Ed Burns Rewrites The Rules For Indie Film

Matt Bush and Edward Burns, right, in Mr. Burns’ film “Nice Guy Johnny.”

On this week's Moviola, WGBH's inside look at movies in and around the Hub, Jared Bowen talks to filmmaker and actor Ed Burns. Burns' latest release Nice Guy Johnny is definitely not coming to a theater near you, but will soon be available to everyone in Boston, and beyond.

Ed Burns is a filmmaker and an actor, often most recoginized as a co-star to the likes of Robert DeNiro and Tom Hanks in major Hollywood pictures like Saving Private Ryan. But like his hero Woody Allen, what sustains Burns is making his own small, personal films that have built up a dedicated following among indie film fans. In 1995, he attracted major buzz when his first feature, The Brothers McMullen, won at the Sundance Film Festival and went on to win over audiences hungry to watch Burns' kind of personal storytelling in their local theaters.

View the trailer for The Brothers McMullen

The success of The Brothers McMullen was both a professional and personal triumph for Burns, especially given that he financed the $25,000 production budget on his own. After 15 years of making movies, Burns finds himself in an industry landscape much less friendly to independent films. Which left Burns to ask himself, 'where do I want to go next?'

I wanted to go back to what I was doing, and where my head was, pre-McMullen. I had no money. I didn’t know anybody in the film business. I didn’t know how to make a film. So, I thought, let’s set some parameters and go back and do that thing again.

“That thing,” now has a name.  It’s called, Nice Guy Johnny, and it’s Burns’s latest film. The parameters were simple: Don’t spend more than $25,000.  Don’t shoot more than 12 days. Don’t shoot with any more than a 3-man crew. Don’t hire any stars. Oh, and most importantly, don’t give it to the theaters—any of them.

“We’re trying a new way to get these smaller, specialized films out to the audiences—because the biggest complaint I’ve always heard from fans of my movies is that they don’t live anywhere near an art-house theater, and the films never get to them.”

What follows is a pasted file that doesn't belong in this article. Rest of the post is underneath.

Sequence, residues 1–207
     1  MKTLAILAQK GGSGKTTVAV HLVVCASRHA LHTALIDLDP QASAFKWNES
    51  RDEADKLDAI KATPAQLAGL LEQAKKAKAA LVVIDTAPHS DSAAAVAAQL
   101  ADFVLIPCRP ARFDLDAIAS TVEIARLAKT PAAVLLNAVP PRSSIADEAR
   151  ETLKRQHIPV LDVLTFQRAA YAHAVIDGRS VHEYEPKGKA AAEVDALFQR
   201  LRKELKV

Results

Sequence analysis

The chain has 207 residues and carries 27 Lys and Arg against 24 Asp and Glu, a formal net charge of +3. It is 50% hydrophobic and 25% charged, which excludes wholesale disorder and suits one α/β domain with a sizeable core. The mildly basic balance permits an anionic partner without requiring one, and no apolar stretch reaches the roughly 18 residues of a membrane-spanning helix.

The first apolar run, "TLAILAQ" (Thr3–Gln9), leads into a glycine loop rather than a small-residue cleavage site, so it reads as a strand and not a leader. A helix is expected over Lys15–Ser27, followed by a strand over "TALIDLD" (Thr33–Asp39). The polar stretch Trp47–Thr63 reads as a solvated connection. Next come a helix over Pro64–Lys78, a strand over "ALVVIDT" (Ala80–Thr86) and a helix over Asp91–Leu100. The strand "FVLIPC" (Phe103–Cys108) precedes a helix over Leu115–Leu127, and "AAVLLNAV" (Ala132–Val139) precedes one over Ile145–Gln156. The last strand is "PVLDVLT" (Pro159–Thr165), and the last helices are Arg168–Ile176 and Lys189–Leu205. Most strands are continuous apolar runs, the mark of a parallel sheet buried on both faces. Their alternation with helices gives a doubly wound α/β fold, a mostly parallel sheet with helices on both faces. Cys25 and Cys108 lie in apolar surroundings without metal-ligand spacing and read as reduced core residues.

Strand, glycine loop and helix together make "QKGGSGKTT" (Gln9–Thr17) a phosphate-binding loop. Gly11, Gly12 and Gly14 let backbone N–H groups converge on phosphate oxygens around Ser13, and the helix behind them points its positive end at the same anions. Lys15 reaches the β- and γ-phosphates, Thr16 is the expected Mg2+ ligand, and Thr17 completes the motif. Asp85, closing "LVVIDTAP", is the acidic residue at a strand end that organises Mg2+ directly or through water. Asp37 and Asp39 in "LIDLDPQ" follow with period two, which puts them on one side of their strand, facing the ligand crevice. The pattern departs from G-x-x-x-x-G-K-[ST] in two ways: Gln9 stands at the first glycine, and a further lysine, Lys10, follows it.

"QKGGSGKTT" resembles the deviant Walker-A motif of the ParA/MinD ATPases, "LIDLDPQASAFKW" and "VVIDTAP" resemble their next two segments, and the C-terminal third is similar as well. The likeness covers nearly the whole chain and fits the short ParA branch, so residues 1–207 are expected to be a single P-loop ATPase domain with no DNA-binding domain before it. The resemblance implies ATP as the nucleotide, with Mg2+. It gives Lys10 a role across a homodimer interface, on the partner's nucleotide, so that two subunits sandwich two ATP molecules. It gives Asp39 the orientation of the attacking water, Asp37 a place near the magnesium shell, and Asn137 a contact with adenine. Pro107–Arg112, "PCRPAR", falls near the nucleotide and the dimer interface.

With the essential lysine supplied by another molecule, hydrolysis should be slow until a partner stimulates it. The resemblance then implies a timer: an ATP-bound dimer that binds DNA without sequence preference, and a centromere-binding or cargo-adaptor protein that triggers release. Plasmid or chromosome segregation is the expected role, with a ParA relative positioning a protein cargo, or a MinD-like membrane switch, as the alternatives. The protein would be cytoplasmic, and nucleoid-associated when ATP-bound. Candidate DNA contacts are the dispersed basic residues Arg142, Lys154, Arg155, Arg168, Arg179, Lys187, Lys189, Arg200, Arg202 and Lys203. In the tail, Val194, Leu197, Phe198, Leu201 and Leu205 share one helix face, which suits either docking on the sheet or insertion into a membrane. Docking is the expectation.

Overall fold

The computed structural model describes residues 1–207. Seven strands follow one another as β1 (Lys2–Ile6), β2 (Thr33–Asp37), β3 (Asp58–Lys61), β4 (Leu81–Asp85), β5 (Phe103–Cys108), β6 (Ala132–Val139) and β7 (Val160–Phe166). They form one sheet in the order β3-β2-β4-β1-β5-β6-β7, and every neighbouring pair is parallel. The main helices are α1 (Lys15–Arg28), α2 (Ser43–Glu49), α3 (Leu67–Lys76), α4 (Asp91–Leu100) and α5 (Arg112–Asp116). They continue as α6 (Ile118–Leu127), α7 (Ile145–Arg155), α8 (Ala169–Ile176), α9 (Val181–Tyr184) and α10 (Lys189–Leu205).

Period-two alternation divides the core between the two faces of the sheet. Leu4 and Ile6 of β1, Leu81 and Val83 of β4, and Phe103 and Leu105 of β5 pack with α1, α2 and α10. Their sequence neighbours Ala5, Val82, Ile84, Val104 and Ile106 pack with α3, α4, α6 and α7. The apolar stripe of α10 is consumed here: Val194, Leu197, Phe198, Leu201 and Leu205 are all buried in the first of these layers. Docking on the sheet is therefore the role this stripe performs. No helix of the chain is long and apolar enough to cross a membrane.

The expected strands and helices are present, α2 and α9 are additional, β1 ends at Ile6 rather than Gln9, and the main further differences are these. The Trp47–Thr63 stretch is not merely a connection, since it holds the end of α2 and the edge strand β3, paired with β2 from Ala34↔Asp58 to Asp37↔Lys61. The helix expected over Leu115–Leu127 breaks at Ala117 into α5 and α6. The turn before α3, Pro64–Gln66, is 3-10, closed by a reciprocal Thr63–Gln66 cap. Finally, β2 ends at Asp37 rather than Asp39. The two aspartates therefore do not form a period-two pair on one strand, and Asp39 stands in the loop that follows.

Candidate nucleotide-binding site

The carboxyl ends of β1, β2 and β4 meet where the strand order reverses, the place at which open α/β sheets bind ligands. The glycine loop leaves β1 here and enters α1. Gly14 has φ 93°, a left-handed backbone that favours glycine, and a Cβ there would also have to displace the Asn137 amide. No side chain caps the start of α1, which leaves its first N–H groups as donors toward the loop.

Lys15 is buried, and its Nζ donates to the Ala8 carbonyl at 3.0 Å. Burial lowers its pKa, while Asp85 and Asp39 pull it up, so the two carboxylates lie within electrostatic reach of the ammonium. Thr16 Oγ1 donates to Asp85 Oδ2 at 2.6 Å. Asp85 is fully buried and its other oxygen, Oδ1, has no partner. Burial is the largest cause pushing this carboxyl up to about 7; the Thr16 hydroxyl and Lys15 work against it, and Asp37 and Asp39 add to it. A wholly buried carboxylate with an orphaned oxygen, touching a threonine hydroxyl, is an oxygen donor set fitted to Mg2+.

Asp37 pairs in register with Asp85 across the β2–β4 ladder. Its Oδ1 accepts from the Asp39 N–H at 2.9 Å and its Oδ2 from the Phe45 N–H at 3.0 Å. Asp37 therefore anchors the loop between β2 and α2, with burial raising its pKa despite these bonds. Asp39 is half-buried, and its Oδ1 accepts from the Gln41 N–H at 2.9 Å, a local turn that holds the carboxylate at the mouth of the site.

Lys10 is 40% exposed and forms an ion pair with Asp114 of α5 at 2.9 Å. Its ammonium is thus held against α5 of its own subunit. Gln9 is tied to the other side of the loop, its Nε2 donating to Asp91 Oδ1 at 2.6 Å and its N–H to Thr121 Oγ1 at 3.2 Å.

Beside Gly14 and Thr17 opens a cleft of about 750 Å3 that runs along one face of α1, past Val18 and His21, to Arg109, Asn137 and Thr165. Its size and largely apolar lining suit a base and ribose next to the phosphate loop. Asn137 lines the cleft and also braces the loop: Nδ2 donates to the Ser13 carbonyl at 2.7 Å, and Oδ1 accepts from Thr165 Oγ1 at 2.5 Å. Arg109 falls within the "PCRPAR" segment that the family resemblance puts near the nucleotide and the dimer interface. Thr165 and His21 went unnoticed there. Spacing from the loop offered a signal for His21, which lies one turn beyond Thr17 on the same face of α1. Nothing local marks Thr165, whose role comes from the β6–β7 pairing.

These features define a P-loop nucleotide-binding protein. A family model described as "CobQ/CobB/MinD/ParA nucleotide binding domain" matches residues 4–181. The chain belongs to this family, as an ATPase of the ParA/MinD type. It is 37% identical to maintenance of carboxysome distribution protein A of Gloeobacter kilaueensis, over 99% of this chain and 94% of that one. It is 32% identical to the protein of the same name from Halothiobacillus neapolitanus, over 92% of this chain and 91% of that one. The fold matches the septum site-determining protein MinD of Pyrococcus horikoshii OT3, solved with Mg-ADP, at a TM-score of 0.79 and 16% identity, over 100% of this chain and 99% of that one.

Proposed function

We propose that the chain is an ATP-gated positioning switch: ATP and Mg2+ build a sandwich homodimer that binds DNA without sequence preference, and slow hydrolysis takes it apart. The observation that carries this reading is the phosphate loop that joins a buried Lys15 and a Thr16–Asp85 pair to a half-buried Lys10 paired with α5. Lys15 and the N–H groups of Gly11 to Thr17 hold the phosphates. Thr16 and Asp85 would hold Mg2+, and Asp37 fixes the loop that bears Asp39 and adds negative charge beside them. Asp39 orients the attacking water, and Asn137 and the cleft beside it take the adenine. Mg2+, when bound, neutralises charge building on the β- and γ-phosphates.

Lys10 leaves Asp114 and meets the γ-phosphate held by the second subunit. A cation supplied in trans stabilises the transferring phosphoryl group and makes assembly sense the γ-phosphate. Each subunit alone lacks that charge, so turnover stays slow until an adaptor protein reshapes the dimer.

So, when Nice Guy Johnny debuts on Tuesday, Oct 26th, you can enjoy it in the privacy of your own living room. Or, say, on your iPhone wherever you like. That’s because Nice Guy Johnny will only be available on-demand, online and on DVD.

“The fact that we can stream movies on Netflix, Comcast, and iTunes or even YouTube or Facebook—all these things didn’t exist when I got into the business.  So we’ve been trying to figure out how do we fight for attention?”

Burns’s answer: Tell a good story. “The movie’s about Johnny, a sports radio talkshow host out in Oakland.  It’s his dream job, it’s all he really wants to do.”

Burns explained he wrote the film in response to a crossroads he faced in his own career, when his agents were pressuring him to stop with the smaller, personal films. Many in the industry were urging Burn to finally direct a big-budget romantic comedy,

What did Ed learn? That following your dream doesn’t mean a life without compromise -- it means a life where you choose which comprises to make.

Nice Guy Johnny, premieres on-demand, online, and on DVD on Tuesday, Oct 26th.

Watch the trailer for Nice Guy Johnny.



Is Nice Guy Johnny Worth Seeing?

Hear what the Moviola crew had to say, then let us know what you think by leaving a comment below.

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